The Beekman Family Coach returns to the New-York Historical Society on July 2, 2021. Over the past year, this rare coach—one of only three horse-drawn vehicles used in 18th-century America to survive in original condition—was painstakingly restored to its 1790s appearance through a generous grant from the Institute of Museum and Library Services.
New York merchant James Beekman purchased the coach in 1771 for £138. An expensive luxury that became the crown jewel in his fleet of carriages, the coach was repainted at least five times between 1771 and the 1790s.
Conservator Brian Howard and his team meticulously restored the coach, beginning with the removal of a thick layer of old varnish applied during the mid 20th century. Underneath lay five layers of historic paint, including a light celadon green color from the 1790s that is again visible today. Among other surprises, conservators discovered that the interior of the cab retained most of its original fixtures and materials—wood benches and storage lockers, wool wall coverings, carpeting, and coach lace, enameled Russian leather trim, and flax insulation.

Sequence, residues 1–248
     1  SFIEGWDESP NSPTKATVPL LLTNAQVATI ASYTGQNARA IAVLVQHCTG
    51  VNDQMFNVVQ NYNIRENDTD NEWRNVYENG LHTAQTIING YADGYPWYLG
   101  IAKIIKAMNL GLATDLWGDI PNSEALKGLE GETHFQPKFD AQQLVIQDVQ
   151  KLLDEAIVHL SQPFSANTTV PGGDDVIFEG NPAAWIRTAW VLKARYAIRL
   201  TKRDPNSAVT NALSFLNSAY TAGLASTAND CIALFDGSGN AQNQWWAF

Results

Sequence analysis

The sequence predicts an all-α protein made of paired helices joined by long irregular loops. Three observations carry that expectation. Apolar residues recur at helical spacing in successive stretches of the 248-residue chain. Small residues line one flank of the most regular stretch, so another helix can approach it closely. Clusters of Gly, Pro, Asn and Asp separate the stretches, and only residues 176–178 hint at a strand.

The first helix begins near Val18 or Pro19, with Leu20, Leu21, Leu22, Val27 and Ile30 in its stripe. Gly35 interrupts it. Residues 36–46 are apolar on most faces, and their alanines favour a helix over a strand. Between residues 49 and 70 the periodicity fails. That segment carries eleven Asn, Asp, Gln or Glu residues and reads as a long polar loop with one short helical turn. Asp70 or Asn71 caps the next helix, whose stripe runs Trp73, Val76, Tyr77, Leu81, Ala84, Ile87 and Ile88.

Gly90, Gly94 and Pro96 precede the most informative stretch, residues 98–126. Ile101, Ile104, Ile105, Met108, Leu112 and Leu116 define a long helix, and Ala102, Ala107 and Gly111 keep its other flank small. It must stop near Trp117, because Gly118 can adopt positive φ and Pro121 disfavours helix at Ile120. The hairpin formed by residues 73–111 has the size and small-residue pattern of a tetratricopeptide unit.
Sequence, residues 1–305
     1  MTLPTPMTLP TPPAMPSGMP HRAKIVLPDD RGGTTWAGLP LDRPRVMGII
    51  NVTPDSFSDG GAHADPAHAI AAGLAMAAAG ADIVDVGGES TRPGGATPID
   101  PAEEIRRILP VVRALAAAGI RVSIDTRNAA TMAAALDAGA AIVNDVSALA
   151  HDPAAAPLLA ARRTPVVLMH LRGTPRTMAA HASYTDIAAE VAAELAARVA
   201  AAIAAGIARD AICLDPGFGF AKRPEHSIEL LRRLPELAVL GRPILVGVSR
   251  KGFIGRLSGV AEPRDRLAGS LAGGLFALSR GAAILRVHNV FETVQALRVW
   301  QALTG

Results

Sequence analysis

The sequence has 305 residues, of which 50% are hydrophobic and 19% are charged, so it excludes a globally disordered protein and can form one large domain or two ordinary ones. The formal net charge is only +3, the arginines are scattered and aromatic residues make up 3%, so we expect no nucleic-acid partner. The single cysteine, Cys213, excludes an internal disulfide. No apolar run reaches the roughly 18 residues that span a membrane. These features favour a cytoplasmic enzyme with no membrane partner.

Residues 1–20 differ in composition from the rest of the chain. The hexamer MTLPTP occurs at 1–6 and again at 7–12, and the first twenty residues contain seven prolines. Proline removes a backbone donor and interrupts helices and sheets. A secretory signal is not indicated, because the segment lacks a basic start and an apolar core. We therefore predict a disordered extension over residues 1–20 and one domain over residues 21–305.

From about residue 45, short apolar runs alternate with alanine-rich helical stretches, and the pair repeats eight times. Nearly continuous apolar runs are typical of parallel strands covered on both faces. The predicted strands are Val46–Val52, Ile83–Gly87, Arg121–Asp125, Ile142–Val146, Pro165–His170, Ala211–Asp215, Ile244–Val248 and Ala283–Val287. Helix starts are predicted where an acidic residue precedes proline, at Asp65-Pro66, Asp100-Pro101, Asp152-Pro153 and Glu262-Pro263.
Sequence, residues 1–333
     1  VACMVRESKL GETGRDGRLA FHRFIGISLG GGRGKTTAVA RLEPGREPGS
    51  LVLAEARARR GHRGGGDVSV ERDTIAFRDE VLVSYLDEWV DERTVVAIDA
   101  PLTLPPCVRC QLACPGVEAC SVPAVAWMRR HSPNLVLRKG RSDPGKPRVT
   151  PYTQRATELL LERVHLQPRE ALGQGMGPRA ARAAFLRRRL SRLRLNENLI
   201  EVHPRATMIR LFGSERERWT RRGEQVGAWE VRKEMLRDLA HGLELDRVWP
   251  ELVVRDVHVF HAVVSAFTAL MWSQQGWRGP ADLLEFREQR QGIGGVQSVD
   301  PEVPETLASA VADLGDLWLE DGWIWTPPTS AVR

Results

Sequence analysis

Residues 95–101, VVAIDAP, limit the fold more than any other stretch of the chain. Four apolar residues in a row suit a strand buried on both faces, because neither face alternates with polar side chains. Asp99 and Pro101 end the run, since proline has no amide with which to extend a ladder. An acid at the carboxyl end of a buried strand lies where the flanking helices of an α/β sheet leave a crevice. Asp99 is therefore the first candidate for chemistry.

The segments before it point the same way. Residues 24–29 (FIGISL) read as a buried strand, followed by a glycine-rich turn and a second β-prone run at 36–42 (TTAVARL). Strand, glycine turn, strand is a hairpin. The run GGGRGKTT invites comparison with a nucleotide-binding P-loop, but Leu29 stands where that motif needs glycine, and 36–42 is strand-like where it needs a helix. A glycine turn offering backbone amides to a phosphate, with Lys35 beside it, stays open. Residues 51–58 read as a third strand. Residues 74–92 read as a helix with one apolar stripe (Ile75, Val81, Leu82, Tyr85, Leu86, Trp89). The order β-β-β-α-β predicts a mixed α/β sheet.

Conservation and display of the Beekman Family Coach is being supported in part by a Federal Save America’s Treasures grant administered by the Institute of Museum and Library Services.
Exhibitions at New-York Historical are made possible by Dr. Agnes Hsu-Tang and Oscar Tang, the Saunders Trust for American History, the Evelyn & Seymour Neuman Fund, the New York City Department of Cultural Affairs in partnership with the City Council, and the New York State Council on the Arts with the support of the Office of the Governor and the New York State Legislature. WNET is the media sponsor.